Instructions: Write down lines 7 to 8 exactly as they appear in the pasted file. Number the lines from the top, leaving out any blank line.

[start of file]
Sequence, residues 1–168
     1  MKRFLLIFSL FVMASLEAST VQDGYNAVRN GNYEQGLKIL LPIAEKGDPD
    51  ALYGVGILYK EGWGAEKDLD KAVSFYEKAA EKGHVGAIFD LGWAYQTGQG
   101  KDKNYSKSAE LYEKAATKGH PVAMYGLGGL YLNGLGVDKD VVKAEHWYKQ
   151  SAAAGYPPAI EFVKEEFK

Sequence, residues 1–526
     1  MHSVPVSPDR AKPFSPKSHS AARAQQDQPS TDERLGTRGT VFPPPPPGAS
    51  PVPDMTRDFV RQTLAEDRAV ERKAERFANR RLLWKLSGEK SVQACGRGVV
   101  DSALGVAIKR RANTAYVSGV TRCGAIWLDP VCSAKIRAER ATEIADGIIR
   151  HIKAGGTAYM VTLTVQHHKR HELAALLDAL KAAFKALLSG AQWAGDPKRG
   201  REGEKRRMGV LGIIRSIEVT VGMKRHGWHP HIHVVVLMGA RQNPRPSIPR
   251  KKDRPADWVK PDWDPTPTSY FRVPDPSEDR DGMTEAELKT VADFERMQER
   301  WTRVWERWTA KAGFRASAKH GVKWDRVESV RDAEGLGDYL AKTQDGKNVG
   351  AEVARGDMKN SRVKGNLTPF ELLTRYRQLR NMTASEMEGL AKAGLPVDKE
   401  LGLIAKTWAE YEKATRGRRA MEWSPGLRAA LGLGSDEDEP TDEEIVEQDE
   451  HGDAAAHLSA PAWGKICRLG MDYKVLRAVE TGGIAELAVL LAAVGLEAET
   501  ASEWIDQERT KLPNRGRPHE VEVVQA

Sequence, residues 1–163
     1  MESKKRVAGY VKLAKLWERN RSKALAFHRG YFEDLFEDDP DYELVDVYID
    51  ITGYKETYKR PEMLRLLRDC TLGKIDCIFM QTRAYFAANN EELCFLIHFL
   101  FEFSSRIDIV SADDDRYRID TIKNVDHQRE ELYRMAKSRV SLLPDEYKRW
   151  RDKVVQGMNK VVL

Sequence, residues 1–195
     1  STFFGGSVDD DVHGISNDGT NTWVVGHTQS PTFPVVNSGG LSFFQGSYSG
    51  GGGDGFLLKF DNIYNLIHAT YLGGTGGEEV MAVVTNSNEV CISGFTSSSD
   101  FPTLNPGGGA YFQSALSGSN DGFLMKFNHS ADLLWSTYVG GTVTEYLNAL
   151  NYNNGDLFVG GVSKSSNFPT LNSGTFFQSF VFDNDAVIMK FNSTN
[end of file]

     1  MHSVPVSPDR AKPFSPKSHS AARAQQDQPS TDERLGTRGT VFPPPPPGAS
    51  PVPDMTRDFV RQTLAEDRAV ERKAERFANR RLLWKLSGEK SVQACGRGVV